Appraisals play an important role in the home selling process, by helping to set trusted parameters for the price of the home, and by extension, the mortgage loan amount for that home.
An appraisal is an estimate of your property's fair market value, i.e., how much your property is worth. It also helps you know how much a lender will give you for a property.
You can obtain an appraisal from a licensed appraiser. When appraising a property, an appraiser will consider:
Appraisals aren't home inspections. Inspections look instead at wear and tear, hazards, and damage to a property. If you're considering purchasing a property, a home inspection is still recommended/required, even if the home has been appraised.
A property's appraised price does not necessarily have to match its listing price. Of course, in the seller's best interests the appraised price should match the listing price, but if there is a significant difference then the seller might be well-advised to revisit the pricing of the house - usually by consulting with a trusted real estste agent.
This applies whether the appraisal is higher or lower than the listing price. But when the appraisal value is higher than the listed price of the home, that may provide the seller with distinct negotiating advantages and bargaining power.
Appraisals affect how much lending companies will give you in mortgage loans. They act as an unbiased estimation of the property's fair market value and so keep lenders from giving you too much.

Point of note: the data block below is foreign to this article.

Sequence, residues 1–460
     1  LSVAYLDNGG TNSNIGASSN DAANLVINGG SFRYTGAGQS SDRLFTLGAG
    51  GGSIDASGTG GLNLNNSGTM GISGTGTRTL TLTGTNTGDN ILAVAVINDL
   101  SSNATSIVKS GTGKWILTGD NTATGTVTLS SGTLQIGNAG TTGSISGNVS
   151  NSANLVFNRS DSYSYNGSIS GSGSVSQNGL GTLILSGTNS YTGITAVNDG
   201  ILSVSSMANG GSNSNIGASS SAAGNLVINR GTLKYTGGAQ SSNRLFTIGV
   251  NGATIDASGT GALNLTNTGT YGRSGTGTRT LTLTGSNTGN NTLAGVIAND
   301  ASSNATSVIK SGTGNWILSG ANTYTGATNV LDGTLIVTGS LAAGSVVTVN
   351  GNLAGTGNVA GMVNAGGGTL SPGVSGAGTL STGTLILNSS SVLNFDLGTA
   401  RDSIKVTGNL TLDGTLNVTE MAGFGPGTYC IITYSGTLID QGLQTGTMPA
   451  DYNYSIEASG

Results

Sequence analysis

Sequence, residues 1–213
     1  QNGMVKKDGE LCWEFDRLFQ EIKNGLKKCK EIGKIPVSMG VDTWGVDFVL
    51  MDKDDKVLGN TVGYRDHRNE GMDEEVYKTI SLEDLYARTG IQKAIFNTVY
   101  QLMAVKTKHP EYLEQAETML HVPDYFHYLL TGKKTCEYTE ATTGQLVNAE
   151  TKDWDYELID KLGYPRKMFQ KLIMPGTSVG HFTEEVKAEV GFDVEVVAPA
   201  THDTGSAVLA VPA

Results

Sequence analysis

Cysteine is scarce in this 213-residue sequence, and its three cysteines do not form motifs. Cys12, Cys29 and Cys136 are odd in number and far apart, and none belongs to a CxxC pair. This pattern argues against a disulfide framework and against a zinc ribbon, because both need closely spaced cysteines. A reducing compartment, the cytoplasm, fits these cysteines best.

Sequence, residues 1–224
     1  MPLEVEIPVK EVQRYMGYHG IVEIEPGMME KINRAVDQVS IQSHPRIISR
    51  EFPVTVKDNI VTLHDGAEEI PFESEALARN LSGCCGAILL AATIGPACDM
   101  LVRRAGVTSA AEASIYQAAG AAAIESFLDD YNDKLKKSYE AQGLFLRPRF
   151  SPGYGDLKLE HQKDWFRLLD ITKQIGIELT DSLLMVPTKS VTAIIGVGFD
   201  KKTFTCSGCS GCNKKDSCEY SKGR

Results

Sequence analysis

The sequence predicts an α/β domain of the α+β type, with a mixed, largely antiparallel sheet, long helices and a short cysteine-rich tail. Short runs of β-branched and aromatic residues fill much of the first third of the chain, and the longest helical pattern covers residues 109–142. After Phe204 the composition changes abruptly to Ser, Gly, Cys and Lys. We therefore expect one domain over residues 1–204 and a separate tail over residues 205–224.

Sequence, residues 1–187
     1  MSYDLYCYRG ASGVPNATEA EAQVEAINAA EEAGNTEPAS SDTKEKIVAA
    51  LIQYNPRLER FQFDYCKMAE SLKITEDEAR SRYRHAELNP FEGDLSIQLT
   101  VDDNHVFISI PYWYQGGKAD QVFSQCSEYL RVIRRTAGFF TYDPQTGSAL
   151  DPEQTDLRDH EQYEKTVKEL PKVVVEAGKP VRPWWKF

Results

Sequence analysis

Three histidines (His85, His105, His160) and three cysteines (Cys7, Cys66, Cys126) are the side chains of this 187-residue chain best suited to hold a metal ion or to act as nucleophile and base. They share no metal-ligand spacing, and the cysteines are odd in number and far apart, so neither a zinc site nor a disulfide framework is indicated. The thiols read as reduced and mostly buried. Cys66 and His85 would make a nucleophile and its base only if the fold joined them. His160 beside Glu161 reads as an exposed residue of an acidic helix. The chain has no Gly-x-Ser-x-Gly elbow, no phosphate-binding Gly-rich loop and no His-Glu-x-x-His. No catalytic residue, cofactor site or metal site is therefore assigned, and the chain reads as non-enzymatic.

If an appraisal is lower than the purchase price of the home that you're interested in, then your lender will give you a loan that's based on the loan-to-value (LTV) ratio stated in your proposed contract with them. This LTV is representative of how much of the property the loan will cover.
If an appraisal is higher than the property's purchase price, then you're in luck. You're getting the property at cheaper than its market value. Your mortgage amount won't change because the selling price won't rise to match the appraisal.
Appraisals can be helped by doing the following before the appraiser comes round:
It can happen that you've agreed to pay more for a home that ended up having a low appraisal. In this case, you can:
Understanding appraisals helps you better navigate the property purchasing process. Leveraging this knowledge will make your property purchase or sale smooth and seamless.
We hope this article was of value to you. For more great tips, bookmark our site and for all your mortgage needs, visit the A Team at TMFFMS.
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